Alien Breed 3: Descent
I can’t say that I ever had the slightest clue what was going on in Alien Breed 3: Descent. The third entry this year in Team 17’s Alien Breed reboot (the original was released in the early 1990s) does have a plot, but I lost track of whatever excuse for killing alien bugs that the game offered somewhere during the first cutscene. From what I gleaned, we’re a space marine, our ship has crashed into another ship and the bugs are pissed. There’s more to it, there’s something involving some sort of cyborg, there’s a past between our hero and an entity controlling the ship, but really, all you need to know is this: aliens are angry, lock and load.
The alien ship brings back thoughts of other games, Dead Space coming first to mind. The metal walkways are seemingly always wet, covered in some sort of alien goo. The accident heavily damaged the ship, casting it into a darkness that our foes thrive in. There’s nothing quite as panic-inducing as being low on health, low on ammo, and seeing glowing green eyes in a darkened corner – except maybe losing count as the number of little red blips on your radar screen start to overlap one another. Enemies swarm from all directions, even coming up through the floor. All the while, a maniacal voice is heckling and taunting you ala System Shock 2 or Portal, reminding you how weak you are and how you will never, ever defeat him.
You feel like you need to survive. It’s the atmosphere, the frantic pace of the action – the genuine feeling that you’re not safe, ever. At any moment, bugs – big flesh-eating cockroaches – may burst out of the walls, the floor, the corners. You aren’t safe and they must die. As you start out, it’s tough, slow. You can run, but after a while, running through the cramped, dark holds of the ship becomes something to be done only when you’re being overwhelmed. You walk whenever possible, constantly swinging the camera around, spinning as you move toward your objective to make sure that no sneaking, creeping bug is coming up from the rear to take another snip at your dwindling health bar.
You’ll have plenty of tools at your disposal, but it’s the equivalent of having a ton of hammers but no nails when you’re trying to build a house. Your most trustworthy weapon is your pistol, which thankfully has unlimited ammo. It doesn’t do much damage and even routine encounters against just one or two of the smaller bugs can be harrowing if there isn’t much room to move. You’ll eventually gain access to bigger, stronger weapons – the flamethrower turns the bugs satisfyingly crunchy – but even the stations that sell you ammo with your hard-earned credits stingily dole out ammo.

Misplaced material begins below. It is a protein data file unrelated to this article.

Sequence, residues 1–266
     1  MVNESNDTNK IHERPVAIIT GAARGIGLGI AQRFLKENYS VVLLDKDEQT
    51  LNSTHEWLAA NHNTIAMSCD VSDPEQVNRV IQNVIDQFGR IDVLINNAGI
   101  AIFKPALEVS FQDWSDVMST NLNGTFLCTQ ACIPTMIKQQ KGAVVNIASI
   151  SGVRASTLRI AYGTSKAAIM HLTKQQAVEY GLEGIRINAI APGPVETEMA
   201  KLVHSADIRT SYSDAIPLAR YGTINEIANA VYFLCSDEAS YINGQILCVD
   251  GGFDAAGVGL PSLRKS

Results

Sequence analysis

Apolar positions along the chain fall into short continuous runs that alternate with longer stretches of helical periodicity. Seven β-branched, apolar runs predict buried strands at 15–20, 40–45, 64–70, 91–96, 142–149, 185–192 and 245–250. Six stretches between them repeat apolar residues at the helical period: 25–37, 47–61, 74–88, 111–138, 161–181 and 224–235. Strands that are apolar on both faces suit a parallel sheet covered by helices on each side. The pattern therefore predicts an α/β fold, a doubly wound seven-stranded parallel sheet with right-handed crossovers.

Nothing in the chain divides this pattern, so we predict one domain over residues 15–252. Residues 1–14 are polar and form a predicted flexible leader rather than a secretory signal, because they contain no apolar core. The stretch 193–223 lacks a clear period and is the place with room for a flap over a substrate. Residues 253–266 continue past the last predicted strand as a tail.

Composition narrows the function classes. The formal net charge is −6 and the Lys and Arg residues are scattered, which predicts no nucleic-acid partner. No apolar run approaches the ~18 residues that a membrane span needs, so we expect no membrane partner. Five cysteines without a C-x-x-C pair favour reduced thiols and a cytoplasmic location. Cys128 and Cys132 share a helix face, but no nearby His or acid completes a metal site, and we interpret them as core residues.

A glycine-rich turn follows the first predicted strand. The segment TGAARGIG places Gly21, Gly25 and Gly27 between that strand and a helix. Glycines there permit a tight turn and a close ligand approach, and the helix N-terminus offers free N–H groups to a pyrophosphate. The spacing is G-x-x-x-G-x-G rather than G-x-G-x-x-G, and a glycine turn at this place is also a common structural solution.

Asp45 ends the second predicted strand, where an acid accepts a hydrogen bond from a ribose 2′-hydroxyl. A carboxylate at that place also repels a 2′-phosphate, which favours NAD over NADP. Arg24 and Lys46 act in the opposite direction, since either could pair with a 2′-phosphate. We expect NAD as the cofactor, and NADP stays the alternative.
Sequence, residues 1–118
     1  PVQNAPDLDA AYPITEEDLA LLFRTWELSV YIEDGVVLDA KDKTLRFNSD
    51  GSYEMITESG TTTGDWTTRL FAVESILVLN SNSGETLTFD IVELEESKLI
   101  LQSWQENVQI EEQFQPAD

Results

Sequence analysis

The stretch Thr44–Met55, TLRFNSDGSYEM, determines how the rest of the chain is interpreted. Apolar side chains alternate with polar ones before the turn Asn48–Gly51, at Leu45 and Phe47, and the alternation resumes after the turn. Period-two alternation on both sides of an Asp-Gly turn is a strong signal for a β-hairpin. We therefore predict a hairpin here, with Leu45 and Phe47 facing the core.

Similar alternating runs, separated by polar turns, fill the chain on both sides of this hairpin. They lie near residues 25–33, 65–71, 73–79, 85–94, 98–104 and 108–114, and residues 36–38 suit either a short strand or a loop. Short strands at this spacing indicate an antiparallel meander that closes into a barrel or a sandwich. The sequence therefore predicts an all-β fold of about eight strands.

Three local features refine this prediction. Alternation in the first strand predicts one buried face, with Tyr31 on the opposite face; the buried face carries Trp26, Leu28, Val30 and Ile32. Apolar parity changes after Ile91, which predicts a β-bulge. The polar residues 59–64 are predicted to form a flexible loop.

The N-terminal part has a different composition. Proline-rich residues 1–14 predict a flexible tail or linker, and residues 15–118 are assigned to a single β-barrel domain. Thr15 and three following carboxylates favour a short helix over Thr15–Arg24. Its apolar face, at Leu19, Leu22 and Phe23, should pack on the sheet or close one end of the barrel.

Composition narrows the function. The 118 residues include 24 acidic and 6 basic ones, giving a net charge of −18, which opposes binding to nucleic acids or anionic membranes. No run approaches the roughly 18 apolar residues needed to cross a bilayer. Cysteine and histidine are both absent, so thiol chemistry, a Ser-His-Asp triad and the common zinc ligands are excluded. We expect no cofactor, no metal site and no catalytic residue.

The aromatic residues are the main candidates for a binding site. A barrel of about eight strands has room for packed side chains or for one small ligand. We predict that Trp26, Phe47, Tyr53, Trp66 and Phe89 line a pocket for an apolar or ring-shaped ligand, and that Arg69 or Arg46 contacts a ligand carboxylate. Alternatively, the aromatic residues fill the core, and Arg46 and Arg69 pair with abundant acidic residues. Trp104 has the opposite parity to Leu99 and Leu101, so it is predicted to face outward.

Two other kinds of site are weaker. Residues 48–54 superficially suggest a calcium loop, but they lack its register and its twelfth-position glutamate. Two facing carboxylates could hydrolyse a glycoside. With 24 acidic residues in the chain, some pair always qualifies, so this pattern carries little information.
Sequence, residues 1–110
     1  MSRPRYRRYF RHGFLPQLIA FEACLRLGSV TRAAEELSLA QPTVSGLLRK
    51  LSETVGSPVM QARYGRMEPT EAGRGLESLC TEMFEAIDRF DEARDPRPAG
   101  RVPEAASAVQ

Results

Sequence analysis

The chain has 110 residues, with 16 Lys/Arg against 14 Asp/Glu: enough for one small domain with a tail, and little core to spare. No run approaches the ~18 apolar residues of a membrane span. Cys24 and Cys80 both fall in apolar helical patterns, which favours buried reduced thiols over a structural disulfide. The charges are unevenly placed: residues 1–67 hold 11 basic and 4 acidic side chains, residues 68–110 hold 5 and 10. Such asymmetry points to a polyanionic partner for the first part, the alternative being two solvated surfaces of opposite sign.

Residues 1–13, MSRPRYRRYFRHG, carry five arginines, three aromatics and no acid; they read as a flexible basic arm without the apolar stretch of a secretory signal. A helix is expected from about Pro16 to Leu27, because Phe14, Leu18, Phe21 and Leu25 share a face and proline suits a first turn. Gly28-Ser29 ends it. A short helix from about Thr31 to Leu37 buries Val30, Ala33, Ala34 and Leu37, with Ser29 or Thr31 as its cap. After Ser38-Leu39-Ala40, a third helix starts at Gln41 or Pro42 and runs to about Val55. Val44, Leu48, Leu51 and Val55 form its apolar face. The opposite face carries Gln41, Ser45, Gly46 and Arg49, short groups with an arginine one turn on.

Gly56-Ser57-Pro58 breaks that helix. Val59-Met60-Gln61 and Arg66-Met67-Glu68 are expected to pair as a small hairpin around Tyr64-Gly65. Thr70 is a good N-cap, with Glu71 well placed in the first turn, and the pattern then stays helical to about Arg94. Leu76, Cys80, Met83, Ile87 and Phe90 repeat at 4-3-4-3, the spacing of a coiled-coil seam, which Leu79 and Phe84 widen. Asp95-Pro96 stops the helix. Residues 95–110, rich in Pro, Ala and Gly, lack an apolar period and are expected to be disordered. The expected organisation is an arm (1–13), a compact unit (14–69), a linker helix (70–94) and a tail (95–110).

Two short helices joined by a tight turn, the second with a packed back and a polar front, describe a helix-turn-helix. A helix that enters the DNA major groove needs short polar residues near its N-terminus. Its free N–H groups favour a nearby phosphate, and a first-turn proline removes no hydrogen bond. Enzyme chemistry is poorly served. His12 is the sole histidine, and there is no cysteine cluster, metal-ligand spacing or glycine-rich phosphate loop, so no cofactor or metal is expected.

Alien Breed 3 fuses elements of a classic dungeon crawler with survival horror in a very effective way. It creates a panic in players, forcing us to ration our limited ammo and supplies in a huge, living world. We square off against swarms of foes, shooting and burning them with everything we have, sweating every time we reload. It creates an atmosphere, even if we have lost the story and we’re just running ahead. But sometimes there isn’t a story. Sometimes surviving is the most important thing. The satisfaction comes not from rescuing a princess, but for getting to that next checkpoint when you didn’t think you could – or getting to it when you didn’t before. The challenge isn’t some end game, putting down that bastard that keeps taunting you, it’s simply staying alive until you can save again. The satisfaction comes from still having some bullets in your guns after a big boss fight against overpowering enemies.
It isn’t perfect. It gets repetitive. Most of your time is spent in the same environment fighting a few bug types. And spending 20 minutes and not making much progress can induce a controller throw (or two). But the little touches – like noticing a swarm of small bugs scurrying away from a body as your flashlight interrupts their munching – immerse you fully into the experience. You become caught up in it in a way you didn’t imagine you would when you first started. Alien Breed 3: Descent might remind you of some other games you’ve played, but it also stands with some of these classics on almost equal footing in the areas that count.